Looking back at just the last few months, it is clear that a major change is taking place in Ireland concerning the way the public feels about cannabis. This is especially noticeable when observing how cannabis demonstrations in Ireland have grown in popularity and the major protest for cannabis reform.
Demonstrations calling for cannabis reform in Ireland
There is still a lot to be done regarding the laws, accessibility, and stigma surrounding cannabis. However, the public is slowly accepting that cannabis is not an evil drug like the media sometimes portrays it. Thanks to all the new scientific research on cannabis, more people now realise it may have potential benefits.
Major Smoke Up demonstration
The Major Smoke Up demonstration is a march the cannabis activist group Major Group for Cannabis Reform (MGCR) have each year. The goal of the demonstration is to lobby for the reformation of Irish cannabis laws, increase access to cannabis, and reduce the stigma surrounding it.
The Major Smoke Up demonstration this year proves that things are changing, with the number of protesters almost doubling from the estimated 600 attendees in 2020 to over 1100 people this year.
Vera Twomey is another cannabis activist who started campaigning when she realised how much cannabis was helping her daughter, who suffers from severe epilepsy and seizures. She tirelessly fought for her daughter, writing to the government, and trekking from Cork to Dublin to bring attention to her cause.
Fortunately, her pleas were heard, and Bedrocan, the medical cannabis that changed her daughter's life, would now be funded upfront. She would no longer have to shell out thousands of Euros upfront herself.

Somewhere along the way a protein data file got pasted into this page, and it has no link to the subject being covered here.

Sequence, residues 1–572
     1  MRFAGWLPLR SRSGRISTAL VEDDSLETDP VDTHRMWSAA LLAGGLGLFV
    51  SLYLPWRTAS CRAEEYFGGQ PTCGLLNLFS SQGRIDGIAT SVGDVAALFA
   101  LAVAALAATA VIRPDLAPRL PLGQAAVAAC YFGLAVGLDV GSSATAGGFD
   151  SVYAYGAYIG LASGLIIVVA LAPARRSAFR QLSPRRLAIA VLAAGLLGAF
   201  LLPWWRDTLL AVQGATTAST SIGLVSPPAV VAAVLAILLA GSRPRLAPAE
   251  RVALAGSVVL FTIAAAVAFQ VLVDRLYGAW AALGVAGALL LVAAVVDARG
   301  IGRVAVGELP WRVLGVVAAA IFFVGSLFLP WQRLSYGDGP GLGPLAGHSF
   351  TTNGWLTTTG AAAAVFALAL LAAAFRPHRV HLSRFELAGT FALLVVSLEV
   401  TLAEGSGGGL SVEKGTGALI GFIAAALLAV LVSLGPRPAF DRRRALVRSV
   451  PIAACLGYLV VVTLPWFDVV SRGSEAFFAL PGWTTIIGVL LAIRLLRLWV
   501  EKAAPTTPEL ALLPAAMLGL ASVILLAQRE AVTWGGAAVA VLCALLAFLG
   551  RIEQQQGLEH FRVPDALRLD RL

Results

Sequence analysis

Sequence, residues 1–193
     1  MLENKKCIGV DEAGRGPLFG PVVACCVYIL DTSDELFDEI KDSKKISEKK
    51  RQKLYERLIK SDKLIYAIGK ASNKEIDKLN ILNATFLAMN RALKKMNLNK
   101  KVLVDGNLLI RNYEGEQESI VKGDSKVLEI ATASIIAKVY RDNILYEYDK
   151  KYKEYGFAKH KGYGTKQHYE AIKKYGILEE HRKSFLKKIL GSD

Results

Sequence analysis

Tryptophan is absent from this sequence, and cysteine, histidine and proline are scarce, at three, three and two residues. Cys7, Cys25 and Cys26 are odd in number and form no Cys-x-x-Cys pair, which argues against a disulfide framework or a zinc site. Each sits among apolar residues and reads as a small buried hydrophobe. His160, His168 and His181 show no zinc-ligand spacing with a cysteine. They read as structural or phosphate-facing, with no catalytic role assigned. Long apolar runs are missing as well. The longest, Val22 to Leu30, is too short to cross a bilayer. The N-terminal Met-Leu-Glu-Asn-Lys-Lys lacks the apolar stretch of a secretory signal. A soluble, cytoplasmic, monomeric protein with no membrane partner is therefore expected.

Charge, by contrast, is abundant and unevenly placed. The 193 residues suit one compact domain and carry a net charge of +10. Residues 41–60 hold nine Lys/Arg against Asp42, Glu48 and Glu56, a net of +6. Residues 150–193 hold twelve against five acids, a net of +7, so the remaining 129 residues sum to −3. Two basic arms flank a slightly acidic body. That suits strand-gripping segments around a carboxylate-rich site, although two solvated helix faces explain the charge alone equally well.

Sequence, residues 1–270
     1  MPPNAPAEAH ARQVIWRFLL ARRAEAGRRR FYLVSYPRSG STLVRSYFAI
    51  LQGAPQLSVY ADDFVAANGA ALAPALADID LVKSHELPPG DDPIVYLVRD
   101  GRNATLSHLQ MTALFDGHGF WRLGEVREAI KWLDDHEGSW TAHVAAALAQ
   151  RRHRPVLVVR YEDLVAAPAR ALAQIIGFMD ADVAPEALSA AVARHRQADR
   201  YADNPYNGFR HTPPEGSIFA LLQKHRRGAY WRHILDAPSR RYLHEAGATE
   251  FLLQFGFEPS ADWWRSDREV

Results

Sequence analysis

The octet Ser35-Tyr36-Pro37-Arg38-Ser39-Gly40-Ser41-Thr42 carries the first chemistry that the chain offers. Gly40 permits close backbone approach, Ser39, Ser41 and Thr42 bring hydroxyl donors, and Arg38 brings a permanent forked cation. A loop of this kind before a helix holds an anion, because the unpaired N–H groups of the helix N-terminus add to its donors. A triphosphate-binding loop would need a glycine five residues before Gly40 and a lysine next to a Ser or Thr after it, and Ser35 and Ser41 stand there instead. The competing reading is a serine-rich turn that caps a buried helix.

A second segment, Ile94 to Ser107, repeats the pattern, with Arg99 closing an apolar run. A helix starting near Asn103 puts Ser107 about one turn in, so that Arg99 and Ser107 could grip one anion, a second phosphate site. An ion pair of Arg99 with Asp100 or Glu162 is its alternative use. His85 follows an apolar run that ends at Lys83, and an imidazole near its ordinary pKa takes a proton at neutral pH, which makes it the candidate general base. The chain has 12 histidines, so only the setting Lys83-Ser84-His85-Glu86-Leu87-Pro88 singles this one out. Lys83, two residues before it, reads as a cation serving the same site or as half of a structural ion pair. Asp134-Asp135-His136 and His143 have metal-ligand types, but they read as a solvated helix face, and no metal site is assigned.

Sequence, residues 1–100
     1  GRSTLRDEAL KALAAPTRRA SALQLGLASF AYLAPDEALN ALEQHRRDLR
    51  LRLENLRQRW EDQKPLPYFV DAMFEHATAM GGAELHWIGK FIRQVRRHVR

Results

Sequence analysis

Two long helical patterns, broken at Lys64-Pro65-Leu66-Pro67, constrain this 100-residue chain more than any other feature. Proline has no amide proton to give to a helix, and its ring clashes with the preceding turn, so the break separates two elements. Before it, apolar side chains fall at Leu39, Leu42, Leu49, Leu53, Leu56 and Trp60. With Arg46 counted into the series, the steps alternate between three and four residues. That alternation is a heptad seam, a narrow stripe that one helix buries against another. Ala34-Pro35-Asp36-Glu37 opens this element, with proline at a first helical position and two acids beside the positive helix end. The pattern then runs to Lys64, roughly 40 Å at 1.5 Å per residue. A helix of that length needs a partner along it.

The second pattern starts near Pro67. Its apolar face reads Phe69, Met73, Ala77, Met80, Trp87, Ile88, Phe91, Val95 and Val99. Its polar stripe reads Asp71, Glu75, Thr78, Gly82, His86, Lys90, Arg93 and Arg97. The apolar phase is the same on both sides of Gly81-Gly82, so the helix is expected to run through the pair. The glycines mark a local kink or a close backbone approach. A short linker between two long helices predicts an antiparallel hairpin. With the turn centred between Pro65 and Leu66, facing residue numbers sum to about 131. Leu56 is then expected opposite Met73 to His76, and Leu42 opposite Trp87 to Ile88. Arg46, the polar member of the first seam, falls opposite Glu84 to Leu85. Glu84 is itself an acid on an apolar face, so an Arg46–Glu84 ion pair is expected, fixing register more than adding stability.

Cannabis activist Martin Condon made headlines recently when he potted six cannabis plants near a Garda station in Cork City. Gardaí removed the illegal plants, only for Martin to place more in the same spot. “The growing of the cannabis plant should not be a criminal matter and patients should have fair and effective access to cannabis as a medicine,” Martin said.
“That's why I'm out, staging a little civil disobedience for these patients.”
Why there is a need for cannabis protests in Ireland
Ireland has stringent laws surrounding cannabis. Recreational use of cannabis is illegal. While medical cannabis is legal, this is only on a case-by-case basis. Very few people are lucky enough to get permission. And even then, there are difficulties accessing it.
Ireland imports medical cannabis since it is illegal to produce it in the country, making it extremely expensive. It takes a long time for the health service to refund this amount. Patients even resort to travelling abroad just to be able to access medical cannabis.
The Irish government's reaction to calls for the reform of cannabis laws
The Irish government have not been ignoring the pleas and demonstrations, and have taken action to enforce some change. Health Minister Stephen Donnelly was happy to announce that the Medical Cannabis Access Programme (MCAP) is up and running. The MCAP is a pilot programme aiming to increase the availability of medical cannabis to eligible patients in Ireland.
However, while this is indeed a step forward, many activists are not too happy. Only treatment-resistant conditions, such as symptoms of multiple sclerosis, cancer, and severe epilepsy, are on the list of eligibility. This excludes many other people who could benefit from medical cannabis.
Over the last few years, with an increasing number of people calling for the reform of Ireland's cannabis laws, the government and the public have started paying attention to the need for change. Hopefully, with more demonstrations and the rollout of the MCAP programme, cannabis laws will soon be reformed in Ireland.